We set up a Shootout course for each class and the competitors were ready to go. They got a few minutes to all walk the course and then it was game on. The courses were longer and designed to challenge the driver and the spotter even more. When it was all said and done, the leaders were able to maintain their top spot.

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14691980_10155372860352995_4204352989583091178_oFinal Standings at the ACORA Amateur Rock Crawl

Stock: (No Shootout)
1st – Jason Konczak
2nd – Jamie Duncanson
3rd – Tyler Soderman

Mod:
1st – Steven Soliz
2nd – Brandon Barberena
3rd – Marclino Sanchez

Open:
1st – John Rocha
2nd – James Williams
3rd – Chris Miller

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Willys Jeep CJ-3B – Generations of Adventure

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Adventure comes in many forms. In this case it’s coming from a generational perspective of a family’s love and appreciation for a Willys Jeep CJ-3B. It carries the torch of adventure as it gets handed down through two generations. It all begins with a Father’s appreciation for family adventures. Next is choosing a vehicle that the family sedan simply could not travel to or get far enough away from. Insert Willys Jeep CJ-3B here. Add in a lifted teardrop trailer that’s been outfitted with numerous creature comforts for extended family vacations into the unknown. As time rolls on, the son becomes of driving age and the Willy’s Jeep is handed down with title in hand and the intent of continual exploration. Ownership will never change hands, nor will it ever be for sale. This Willys Jeep CJ-3B, with extended rear quarter panels and tear-drop trailer companion, will continue on in original form acting as that surviving example of a time when simplicity was key. This is where the electronic necessities of today are forgotten and the spirit of adventure is embraced. Go camp anywhere and embrace the spirit of adventure.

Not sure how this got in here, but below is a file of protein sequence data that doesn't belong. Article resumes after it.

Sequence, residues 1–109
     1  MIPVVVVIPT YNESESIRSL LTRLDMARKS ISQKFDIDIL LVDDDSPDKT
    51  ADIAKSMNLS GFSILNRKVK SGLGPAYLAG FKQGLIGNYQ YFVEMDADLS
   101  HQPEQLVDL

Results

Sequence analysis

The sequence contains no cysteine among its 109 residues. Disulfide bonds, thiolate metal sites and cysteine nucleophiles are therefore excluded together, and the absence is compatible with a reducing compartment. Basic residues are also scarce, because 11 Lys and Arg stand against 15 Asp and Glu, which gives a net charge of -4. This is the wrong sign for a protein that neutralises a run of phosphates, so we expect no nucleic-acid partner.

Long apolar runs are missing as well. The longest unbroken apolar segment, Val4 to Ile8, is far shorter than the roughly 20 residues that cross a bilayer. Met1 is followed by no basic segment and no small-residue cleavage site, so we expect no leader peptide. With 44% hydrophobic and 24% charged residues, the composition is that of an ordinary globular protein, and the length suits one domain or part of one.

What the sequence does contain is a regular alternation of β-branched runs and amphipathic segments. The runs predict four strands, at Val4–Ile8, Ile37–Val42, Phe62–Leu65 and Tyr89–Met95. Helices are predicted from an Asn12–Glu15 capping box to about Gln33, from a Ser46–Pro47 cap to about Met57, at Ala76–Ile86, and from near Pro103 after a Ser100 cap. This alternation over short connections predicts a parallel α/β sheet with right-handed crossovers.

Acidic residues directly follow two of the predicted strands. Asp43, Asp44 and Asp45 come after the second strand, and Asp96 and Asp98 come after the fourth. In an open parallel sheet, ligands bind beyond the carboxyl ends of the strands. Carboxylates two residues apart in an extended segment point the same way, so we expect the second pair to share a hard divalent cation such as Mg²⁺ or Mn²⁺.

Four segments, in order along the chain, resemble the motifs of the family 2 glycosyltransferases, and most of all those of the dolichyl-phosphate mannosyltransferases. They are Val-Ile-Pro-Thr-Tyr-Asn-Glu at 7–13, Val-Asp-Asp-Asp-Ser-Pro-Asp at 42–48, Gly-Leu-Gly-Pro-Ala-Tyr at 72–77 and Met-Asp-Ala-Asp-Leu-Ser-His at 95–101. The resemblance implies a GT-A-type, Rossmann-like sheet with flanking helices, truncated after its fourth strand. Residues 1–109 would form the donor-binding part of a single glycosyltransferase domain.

Here is the story:

 

Source: Petrolicious

Grassroots Competitions

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No events near you? No worries. You don’t need a hobby shop or RC club in your town to get in on the fun of RC competition. Don’t join in on the action, start the action. Check out these alternative ways to get competitive with your Axial vehicle. One bit of advice before you tear off: keep the rules simple and the focus on fun.